Tuesday, February 22, 2011

Blue Ocean Strategy


Companies have long engaged in head-to-head competition in search of sustainable, profitable growth. They have long fought for competitive advantage, battled over market share, and struggled for differentiation. These often lead to intense price wars, slow growth and low profitability.
So, can we break this rather pessimistic ending? In the academic world, the answer is yes.  Many business theorists offer mental frameworks to reinvent businesses. However, most of them are still at an experimental stage and they offer very little practical use.
Fortunately, a book titled “Blue Ocean Strategy” provides practical tools and methods for business practitioners to reinvent their businesses. These tools and methods are based on more than 15 years of research on more than 20 companies across different industries in Europe, Asia and America. The focus of these tools and methods are:  searching, formulating, evaluating and executing blue ocean strategies. Details are given in a mind map at the end of this post.

You may ask. What is the blue ocean strategy exactly? Imagine a market universe compose of two sorts of oceans: red oceans and blue oceans. Red oceans represent all the industries in existence today. They boundaries are defined and accepted, and the competitive rules of the game are known. Company’s strategies aim to outperform their rivals to grab a greater share of existing demand. As the market space gets crowded, prospects of profits and growth are reduced. Products become commodities, and cutthroat competition turns the red ocean bloody.
Whereas, blue oceans consist of three characteristic: untapped market space, demand creation, and the opportunity for higher profitable growth. Although some blue oceans are created well beyond existing industry boundaries, most are created from within red oceans by expanding existing industry boundaries. Company’s strategies in blue oceans focus on making existing competition irrelevant by resetting the rules of game in the industries.
Here, I would like to spend some time talking about a key concept of the blue ocean strategy. The concept is called value innovation. Value innovation is strategic logic which allows businesses to swim in the blue oceans. It focuses on making the competition irrelevant by creating a leap in value for buyers and businesses, thereby opening up new uncontested market space.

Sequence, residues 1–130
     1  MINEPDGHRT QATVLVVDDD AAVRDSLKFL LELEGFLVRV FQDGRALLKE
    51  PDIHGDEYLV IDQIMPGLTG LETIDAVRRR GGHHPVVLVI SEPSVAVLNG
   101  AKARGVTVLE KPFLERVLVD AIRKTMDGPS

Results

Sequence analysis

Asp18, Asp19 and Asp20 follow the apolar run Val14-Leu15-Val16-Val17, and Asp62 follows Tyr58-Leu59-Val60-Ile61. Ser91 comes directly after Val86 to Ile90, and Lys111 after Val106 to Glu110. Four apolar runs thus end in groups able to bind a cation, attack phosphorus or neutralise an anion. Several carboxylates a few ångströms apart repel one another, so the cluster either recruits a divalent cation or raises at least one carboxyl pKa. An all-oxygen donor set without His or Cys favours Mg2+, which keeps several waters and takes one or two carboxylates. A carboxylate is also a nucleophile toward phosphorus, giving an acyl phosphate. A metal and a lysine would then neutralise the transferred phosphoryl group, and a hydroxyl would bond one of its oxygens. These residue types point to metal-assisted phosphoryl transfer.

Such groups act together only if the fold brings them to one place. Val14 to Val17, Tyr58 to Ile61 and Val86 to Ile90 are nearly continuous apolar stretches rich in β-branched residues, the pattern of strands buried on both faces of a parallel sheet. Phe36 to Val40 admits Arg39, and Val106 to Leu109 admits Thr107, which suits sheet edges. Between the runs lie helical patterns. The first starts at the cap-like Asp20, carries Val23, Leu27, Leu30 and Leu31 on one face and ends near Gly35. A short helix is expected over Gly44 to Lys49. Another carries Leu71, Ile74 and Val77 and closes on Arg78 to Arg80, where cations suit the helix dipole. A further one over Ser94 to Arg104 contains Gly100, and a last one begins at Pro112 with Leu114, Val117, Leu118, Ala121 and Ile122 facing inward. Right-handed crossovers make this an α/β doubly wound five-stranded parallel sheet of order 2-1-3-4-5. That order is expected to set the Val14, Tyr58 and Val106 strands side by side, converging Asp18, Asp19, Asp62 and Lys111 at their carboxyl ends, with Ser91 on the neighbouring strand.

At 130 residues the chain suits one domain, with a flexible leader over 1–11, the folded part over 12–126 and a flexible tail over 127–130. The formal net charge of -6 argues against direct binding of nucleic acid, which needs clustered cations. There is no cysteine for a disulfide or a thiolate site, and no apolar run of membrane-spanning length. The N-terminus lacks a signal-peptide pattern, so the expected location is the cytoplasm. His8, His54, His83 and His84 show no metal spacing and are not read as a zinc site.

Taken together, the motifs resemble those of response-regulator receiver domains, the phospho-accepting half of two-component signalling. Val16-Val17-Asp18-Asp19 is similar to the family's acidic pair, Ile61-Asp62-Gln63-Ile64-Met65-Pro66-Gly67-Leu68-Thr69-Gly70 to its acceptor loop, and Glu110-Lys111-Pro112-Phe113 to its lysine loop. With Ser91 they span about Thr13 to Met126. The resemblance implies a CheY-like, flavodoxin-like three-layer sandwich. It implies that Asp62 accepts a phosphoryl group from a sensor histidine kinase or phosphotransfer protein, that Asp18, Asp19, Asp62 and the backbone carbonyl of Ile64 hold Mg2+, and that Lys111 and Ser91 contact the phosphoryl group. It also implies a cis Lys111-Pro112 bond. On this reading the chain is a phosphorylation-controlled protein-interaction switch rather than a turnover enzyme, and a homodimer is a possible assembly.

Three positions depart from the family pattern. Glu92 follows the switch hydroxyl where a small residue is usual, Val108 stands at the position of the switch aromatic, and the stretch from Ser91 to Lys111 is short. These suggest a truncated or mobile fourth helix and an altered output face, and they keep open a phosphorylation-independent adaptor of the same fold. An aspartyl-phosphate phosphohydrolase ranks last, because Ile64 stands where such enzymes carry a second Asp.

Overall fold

Value innovation places equal emphasis on value and innovation. Value without innovation tends to focus on value creation on an incremental scale, something that improves value but is not sufficient to make businesses stand out in the marketplace. As the founder of Palace Theaters, Samuel Rothapfel said “Giving the people what they want is fundamentally and disastrously wrong. The people don’t know what they want … Given them something better.” 
In contrast, innovation without value tends to be technology-driven, market pioneering, or futuristic, often going beyond what buyers are ready to accept and pay for. In this sense, it is important o distinguish between value innovation as opposed to technology innovation and market pioneering. In fact, most of the successful companies in the blue oceans rely on simple technology, even in technology industries.  Furthermore, value innovation occurs only when companies align innovation with utility (buyer value), price and cost positions. 
In conclusion, the core concept of the blue ocean strategy is “customer focus”.  That is the cornerstone of the strategy. I guess it is a common sense to most of the people, however how many companies are actually achieving this? Well, in fact not many. Most of the businesses are still trapped in the red oceans and killing each other.  They focus too much on the competing with each other and forget about their customers. Reading “Blue Ocean Strategy” is a very good wakeup call for business practitioners to redefine their business positions.
Click Here To Download The Book Summary

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